I would be lying if I said it never crossed my mind to take my own life. I wrote a suicide note at age thirteen and I considered it many times thereafter during my career. However, the battle really started when I began high school as I could not focus because I was so often lost in thoughts, worries, fantasies, dreams, and fears. I was put in a "special" class because of my poor grades and I ended up quitting high school altogether. These worries and fears followed me throughout my professional career as a hockey player which some of your readers may find funny as so many people saw me as fearless on the ice and for my willingness to drop the gloves. I admit, I've lived a life in denial of my fears and I found the escape through hockey.
Whatever one does to escape, it only patches the pain for a while. The pain will eventually resurface. It always does. Life, especially as a professional athlete, can be very difficult physically and emotionally. It was not until after a severe brain trauma in Croatia which left me in critical condition for several days that I began to wake up and began to question more deeply the meaning of life. My focus became trying to understand what well-being means for myself and for my precious son Joey. This investment of time opened up the doors to so many new discoveries. I experienced a new way to live life and it is now a constant part of the life I choose to live with my fiancee Melanie.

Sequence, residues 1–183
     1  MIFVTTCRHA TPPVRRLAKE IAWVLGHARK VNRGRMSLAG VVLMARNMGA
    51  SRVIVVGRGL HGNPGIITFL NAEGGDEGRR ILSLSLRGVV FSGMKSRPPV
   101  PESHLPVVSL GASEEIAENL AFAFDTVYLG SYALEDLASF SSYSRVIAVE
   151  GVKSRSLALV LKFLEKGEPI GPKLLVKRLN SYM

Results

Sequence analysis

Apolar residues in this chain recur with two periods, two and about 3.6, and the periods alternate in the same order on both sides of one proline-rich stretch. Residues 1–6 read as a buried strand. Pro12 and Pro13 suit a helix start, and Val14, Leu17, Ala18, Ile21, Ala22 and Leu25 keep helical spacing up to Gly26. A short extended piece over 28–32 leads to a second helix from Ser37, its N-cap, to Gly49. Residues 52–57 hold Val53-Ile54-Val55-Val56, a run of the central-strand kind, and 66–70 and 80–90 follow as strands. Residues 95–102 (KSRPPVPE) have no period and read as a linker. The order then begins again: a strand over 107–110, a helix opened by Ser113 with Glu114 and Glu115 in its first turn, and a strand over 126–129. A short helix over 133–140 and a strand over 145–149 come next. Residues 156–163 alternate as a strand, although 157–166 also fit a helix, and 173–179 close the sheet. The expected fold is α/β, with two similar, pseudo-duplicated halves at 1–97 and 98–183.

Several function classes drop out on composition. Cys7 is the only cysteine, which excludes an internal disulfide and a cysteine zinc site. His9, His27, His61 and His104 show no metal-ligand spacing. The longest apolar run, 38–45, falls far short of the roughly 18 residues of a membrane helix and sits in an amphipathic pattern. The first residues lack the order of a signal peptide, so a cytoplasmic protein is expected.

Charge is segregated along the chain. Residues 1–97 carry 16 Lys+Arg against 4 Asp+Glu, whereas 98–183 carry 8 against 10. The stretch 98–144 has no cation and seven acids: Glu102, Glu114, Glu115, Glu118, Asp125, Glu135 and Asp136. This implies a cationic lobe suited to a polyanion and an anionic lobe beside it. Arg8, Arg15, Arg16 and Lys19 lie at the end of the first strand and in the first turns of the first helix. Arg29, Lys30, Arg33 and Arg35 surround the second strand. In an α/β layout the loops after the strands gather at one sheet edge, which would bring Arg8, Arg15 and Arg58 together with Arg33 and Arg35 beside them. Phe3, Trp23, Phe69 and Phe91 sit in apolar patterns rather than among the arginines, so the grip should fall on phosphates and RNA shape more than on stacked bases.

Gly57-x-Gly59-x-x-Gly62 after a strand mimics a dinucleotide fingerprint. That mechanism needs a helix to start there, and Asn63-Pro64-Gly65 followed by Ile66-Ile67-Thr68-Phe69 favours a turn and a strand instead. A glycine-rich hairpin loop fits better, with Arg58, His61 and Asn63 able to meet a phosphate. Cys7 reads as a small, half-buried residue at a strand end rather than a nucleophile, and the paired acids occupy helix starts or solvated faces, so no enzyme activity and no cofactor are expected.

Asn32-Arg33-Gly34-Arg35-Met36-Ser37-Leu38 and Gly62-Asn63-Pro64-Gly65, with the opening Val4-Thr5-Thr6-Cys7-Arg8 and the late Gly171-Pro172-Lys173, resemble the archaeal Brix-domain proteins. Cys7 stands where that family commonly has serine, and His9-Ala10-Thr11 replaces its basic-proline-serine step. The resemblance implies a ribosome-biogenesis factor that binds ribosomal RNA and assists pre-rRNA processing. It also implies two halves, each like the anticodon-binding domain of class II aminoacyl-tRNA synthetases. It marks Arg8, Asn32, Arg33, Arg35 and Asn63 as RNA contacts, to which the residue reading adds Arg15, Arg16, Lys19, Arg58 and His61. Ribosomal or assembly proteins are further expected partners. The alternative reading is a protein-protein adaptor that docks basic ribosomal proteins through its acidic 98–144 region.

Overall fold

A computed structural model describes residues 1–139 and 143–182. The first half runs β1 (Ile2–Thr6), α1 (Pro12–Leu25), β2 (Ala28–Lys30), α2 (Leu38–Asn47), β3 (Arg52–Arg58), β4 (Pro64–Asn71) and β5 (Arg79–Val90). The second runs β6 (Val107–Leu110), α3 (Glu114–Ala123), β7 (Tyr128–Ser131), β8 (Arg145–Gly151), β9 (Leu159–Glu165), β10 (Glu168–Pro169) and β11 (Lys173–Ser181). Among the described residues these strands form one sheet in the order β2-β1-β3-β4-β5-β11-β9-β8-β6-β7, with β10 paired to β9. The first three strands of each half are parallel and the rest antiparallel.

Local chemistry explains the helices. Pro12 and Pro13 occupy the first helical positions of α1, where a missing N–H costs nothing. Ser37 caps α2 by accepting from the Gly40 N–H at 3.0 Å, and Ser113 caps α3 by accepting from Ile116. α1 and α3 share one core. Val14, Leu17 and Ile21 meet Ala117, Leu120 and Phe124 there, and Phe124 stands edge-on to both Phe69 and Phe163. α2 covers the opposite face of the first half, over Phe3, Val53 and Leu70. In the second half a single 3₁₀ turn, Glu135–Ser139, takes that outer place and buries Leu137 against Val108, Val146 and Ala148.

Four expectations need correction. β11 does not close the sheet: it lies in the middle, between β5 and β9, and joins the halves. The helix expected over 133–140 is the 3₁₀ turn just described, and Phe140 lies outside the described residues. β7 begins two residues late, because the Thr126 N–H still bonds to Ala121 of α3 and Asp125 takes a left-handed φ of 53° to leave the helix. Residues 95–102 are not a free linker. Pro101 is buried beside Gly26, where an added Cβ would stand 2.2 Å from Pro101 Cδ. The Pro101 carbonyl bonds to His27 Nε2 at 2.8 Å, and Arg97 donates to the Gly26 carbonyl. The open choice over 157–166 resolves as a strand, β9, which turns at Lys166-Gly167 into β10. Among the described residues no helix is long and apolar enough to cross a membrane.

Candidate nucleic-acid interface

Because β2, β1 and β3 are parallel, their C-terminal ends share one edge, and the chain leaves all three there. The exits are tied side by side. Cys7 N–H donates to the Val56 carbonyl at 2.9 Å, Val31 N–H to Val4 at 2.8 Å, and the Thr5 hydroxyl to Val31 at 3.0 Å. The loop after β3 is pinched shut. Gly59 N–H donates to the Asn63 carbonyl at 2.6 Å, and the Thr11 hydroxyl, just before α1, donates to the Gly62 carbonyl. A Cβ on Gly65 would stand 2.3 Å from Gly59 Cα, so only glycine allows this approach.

For some of us, this awareness will come more smoothly than it will for others. There will be a conscious decision to make or an unconscious automatic decision will be made which will cause a reaction based out of the fears created by our stream of thoughts. We can accept, forgive, surrender and open up to what the mind cannot grasp or we can resist the situation we find ourselves in at the present moment that is creating the suffering.
Acceptance creates an alignment within ourselves of our life and our spirit and opens ourselves up to receive or to discover that which is new. Resistance keeps us off balance and in a state of suffering which closes the door to discovering what life intends to unfold for us. This is an internal choice that we are responsible for, or simply not unaware of!